It was in 1965, halcyon hour of the Great Society, that Ted Kennedy led Congress into abolishing a policy that had restricted immigration for 40 years, while we absorbed and Americanized the millions who had come over between 1890 and 1920.
The "national origins" feature of that 1924 law mandated that ships arriving at U.S. ports carry immigrants from countries that had provided our immigrants in the past. We liked who we were.
Immigration policy was written to reinforce the Western orientation and roots of America, 90 percent of whose population could by 1960 trace its ancestry to the Old Continent.
But since 1965, immigration policy has been run by people who detest that America and wanted a new nation that looked less like Europe and more like a continental replica of the U.N. General Assembly.
They wanted to end America's history as the largest and greatest of Western nations and make her a nation of nations, a new society and a new people, more racially, ethnically, religiously and culturally diverse than any nation on the face of the earth.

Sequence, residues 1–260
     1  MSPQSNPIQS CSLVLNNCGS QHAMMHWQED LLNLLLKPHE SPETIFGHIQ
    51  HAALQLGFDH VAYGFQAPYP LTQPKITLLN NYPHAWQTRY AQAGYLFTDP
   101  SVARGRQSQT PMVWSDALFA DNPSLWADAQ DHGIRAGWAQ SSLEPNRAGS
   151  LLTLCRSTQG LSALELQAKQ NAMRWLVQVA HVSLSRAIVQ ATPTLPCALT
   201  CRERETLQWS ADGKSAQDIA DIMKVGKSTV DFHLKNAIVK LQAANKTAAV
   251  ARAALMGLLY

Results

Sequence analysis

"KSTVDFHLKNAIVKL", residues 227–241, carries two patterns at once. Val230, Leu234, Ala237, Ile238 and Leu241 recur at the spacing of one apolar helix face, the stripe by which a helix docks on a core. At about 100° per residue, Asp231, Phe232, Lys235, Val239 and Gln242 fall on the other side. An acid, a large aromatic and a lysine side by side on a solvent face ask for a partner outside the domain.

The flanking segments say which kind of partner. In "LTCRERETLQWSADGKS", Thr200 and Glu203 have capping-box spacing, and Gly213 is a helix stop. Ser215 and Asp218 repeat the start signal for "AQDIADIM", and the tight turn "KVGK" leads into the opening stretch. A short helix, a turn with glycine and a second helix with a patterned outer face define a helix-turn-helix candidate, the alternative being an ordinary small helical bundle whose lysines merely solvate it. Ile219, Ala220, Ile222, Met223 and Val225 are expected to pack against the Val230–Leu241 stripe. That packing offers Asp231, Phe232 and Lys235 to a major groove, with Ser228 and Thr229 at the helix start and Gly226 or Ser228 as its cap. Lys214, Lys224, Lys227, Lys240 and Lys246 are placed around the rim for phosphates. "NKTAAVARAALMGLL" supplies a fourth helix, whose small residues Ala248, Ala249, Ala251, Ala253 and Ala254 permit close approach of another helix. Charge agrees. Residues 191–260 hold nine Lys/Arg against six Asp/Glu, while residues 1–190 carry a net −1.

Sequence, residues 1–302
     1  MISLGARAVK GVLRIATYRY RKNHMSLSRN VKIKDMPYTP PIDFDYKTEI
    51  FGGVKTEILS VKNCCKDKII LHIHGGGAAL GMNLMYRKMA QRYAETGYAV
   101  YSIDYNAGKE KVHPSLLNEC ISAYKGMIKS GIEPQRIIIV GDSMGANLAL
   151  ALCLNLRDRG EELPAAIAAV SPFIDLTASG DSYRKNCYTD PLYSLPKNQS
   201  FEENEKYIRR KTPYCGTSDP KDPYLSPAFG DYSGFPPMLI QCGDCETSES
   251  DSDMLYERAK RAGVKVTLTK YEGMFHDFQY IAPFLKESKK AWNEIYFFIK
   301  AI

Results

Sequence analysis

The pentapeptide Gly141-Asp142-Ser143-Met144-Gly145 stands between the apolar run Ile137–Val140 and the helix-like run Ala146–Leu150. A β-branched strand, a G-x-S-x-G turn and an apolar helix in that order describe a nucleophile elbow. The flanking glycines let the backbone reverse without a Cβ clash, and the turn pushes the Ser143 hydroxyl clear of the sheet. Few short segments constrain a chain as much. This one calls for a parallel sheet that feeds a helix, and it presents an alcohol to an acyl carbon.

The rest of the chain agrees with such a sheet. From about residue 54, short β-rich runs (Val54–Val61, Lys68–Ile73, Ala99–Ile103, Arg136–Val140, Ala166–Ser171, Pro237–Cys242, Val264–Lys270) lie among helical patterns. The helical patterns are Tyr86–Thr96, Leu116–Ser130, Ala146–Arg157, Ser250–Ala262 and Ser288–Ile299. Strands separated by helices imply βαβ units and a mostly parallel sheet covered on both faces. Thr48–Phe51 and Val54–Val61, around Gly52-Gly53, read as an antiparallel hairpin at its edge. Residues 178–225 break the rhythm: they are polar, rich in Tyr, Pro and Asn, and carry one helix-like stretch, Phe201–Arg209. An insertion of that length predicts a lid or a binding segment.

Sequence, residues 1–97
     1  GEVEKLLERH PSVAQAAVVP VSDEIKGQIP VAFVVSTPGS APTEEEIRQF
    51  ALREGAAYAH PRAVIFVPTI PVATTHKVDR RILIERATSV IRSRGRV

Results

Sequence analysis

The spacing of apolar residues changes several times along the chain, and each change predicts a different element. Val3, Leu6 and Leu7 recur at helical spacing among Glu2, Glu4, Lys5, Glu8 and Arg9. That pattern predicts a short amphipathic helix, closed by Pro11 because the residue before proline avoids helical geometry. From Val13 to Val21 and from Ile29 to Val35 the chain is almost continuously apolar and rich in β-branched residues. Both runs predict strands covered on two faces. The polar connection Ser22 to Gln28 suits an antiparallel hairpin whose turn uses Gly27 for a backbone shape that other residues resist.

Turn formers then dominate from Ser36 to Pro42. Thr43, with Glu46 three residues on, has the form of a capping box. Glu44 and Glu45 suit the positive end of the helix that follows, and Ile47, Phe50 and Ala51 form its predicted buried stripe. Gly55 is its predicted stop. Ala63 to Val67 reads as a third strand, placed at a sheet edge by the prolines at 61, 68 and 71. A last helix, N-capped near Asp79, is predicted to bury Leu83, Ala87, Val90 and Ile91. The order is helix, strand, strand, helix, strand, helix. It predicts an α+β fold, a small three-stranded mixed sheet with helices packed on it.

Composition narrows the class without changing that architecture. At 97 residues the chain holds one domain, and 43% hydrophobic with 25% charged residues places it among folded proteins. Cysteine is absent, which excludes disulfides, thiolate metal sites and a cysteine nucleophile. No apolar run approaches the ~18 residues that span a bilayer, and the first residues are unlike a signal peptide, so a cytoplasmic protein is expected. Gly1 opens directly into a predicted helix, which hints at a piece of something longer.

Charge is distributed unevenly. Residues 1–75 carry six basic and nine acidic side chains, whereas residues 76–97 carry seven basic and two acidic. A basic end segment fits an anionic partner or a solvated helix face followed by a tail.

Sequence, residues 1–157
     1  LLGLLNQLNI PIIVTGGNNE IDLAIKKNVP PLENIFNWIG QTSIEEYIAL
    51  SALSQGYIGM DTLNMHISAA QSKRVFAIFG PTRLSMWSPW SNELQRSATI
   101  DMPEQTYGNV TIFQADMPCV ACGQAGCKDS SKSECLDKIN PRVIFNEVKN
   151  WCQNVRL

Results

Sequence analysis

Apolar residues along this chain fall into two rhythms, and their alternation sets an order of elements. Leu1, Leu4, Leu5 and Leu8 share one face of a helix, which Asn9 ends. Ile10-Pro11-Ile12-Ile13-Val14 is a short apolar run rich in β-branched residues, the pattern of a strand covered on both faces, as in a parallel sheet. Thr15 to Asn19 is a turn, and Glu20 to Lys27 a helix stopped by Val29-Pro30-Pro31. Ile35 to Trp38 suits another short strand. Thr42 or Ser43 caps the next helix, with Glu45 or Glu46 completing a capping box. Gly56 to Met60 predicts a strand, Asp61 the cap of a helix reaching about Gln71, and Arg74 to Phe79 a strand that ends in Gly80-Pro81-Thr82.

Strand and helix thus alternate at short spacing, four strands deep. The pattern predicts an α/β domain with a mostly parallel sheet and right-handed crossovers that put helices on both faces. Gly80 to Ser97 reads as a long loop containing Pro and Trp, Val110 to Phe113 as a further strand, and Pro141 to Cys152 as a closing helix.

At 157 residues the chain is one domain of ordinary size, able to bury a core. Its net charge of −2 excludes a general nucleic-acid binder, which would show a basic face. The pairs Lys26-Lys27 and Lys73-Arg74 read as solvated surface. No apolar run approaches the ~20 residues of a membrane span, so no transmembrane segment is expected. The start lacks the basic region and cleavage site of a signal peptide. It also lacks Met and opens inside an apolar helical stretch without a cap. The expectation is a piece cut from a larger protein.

Behind this vision lies an ideology, an idee fixe, that America is not a normal nation of blood and soil, history and heroes, but a nation erected upon an idea, the idea that anyone and everyone who comes here, raises his hand, and swears allegiance to the Declaration of Independence and Bill of Rights becomes, de facto, not just a legal citizen but an American.
But that is no more true than to say that someone who arrives in Paris from Africa or the Middle East and raises his hand to declare allegiance to the Rights of Man thereby becomes a Frenchman.
What is the peril into which America and the West are drifting?
Ties of race, religion, ethnicity and culture are the prevailing winds among mankind and are tearing apart countries and continents. And as we bring in people from all over the world, they are not leaving all of their old allegiances and animosities behind.
Many carry them, if at times dormant, within their hearts.
And if we bring into America -- afflicted by her polarized politics, hateful rhetoric and culture wars -- peoples on all sides of every conflict roiling mankind, how do we think this experiment is going to end?
The immigration bill moving through the Senate, with an amnesty for 11 to 12 million illegals already here, and millions of their relatives back home, may write an end to more than just the Republican Party.